There's a lot of discussion about whether it is best for cats to be primarily indoors versus outdoors. There is a difference in indoor versus outdoor cat life expectancy, and while most people want to make an outdoor cat into a happy indoor cat, you may want to know the best way to go about making an indoor cat an outdoor cat.
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Letting cats outside
When you're letting cats outside for the first time, it's important that they be supervised and that they feel safe. How you do this depends on whether the cat is a kitten or an adult that has already been outside before. Kittens, because of the risk of catching diseases or getting lost or frightened on their own, should be kept indoors until they are at least six months old and have had all their vaccinations.
An adult indoor cat to outdoor cat transition can take place differently, but they should be supervised for their first few outdoor visits. They will likely be overwhelmed by new smells. If the adult cat is new to you, or you have recently moved to a new home, keep them indoors for a couple of weeks for them to acclimate to their new environment first. Short visits seem to work best by allowing them to take their time to get used to the outdoors and return to the safety of the familiar indoors whenever they're ready.
It's a good idea to get your cat microchipped if you plan to make the indoor cat to outdoor cat transition (remember to keep your cat's microchip details up to date!). Fit him with a reflective collar, which will make it easier for him to be seen by passing cars. Try getting a harness and leash that you can clip to a piece of outdoor furniture — this can give your cat the satisfaction of being outside while providing you with the peace of mind to know they're safe.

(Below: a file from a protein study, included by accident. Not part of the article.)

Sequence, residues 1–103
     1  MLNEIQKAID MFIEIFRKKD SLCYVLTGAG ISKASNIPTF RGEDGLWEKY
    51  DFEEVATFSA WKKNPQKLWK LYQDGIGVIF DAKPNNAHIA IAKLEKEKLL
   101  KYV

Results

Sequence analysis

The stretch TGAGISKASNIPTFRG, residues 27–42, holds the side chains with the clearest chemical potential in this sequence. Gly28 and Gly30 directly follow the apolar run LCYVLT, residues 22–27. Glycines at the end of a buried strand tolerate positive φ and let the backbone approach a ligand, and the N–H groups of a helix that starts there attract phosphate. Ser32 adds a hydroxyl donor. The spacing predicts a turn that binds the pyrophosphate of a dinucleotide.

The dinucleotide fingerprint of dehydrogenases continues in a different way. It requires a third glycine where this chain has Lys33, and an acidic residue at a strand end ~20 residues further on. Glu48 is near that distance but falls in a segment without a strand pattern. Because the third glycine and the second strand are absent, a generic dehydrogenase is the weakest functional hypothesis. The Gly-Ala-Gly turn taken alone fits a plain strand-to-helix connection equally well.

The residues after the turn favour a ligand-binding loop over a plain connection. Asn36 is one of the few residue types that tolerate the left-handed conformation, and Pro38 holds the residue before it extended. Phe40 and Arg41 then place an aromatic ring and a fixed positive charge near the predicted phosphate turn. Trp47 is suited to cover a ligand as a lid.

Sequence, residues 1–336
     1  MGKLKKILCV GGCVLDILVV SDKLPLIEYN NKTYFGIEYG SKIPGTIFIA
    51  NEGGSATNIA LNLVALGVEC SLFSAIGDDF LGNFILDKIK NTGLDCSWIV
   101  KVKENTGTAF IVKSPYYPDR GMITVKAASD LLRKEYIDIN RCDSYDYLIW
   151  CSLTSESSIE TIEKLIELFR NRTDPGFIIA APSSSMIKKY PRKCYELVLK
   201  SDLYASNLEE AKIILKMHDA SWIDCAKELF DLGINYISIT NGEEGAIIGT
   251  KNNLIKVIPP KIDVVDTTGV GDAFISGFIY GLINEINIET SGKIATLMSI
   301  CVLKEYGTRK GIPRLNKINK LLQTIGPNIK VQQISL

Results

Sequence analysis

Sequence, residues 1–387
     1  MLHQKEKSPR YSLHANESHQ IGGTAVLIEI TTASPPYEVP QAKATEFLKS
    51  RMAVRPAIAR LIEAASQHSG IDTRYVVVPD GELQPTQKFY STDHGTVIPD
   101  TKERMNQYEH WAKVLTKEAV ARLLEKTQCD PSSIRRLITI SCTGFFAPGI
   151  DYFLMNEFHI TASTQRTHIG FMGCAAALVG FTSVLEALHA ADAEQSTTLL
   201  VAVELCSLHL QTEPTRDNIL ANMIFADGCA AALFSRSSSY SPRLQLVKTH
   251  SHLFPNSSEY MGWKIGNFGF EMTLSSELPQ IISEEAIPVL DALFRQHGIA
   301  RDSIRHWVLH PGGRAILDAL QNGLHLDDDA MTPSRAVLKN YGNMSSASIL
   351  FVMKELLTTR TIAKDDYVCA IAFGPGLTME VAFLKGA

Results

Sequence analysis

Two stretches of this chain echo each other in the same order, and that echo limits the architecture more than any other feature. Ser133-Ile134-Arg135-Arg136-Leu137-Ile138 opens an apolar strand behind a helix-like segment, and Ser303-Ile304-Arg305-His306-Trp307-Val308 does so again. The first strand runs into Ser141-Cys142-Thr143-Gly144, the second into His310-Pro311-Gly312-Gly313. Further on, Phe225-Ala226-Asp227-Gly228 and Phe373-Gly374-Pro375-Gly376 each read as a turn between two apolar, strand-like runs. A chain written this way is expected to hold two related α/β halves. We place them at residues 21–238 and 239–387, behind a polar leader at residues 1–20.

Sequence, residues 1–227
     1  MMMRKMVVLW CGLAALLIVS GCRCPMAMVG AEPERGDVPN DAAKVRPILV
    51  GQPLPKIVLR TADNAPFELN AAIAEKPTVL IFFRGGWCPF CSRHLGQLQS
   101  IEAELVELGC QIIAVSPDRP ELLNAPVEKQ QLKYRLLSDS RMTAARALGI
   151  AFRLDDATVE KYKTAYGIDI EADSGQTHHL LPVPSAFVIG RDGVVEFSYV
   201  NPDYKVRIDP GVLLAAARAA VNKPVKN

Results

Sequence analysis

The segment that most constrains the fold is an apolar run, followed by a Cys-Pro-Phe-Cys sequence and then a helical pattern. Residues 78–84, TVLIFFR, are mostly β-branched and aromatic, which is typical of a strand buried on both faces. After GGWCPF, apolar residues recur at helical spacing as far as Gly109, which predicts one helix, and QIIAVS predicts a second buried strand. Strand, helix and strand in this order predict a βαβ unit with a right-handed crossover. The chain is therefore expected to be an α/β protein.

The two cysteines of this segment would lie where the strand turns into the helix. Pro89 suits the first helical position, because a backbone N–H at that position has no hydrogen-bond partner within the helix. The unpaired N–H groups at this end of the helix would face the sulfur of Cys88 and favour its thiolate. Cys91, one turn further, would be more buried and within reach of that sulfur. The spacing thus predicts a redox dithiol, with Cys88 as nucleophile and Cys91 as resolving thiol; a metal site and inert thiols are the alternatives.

Indoor outdoor cat life expectancy
There is a difference between indoor and outdoor cat life expectancy, so unless you really need to allow your cat to go outdoors, it might be best not to. The life expectancy of an indoor cat is typically at least 12 years although they can live up to 20 years.
While it can be hard to tell how long an outdoor cat will live, the Humane Society's fact sheet lists numerous dangers that outdoor cats can be exposed to. Diseases, parasites, predators, and fast cars are just some of the dangers that outdoor cats face.
When making an indoor cat an outdoor cat, try to account for these pressures as much as possible. For instance, make sure your cat has her vaccinations. Check her regularly for fleas and parasites such as intestinal worms or ear mites that can impact her overall health. If you do decide to let her outside, try to train her to come inside at nightfall (maybe by calling to her and giving her a treat or shaking the food bowl) so she can be safe from nighttime dangers.
Outdoor cat house
The indoor cat to outdoor cat transition can be a lot easier if your cat has a safe spot he can go to outside. This can work especially well if your cat is trained in using a cat door or cat flap, which then can connect to an enclosed area outside. Perhaps a section of your porch can be screened in for a safe place your cat can access through a cat door for anything he wants to.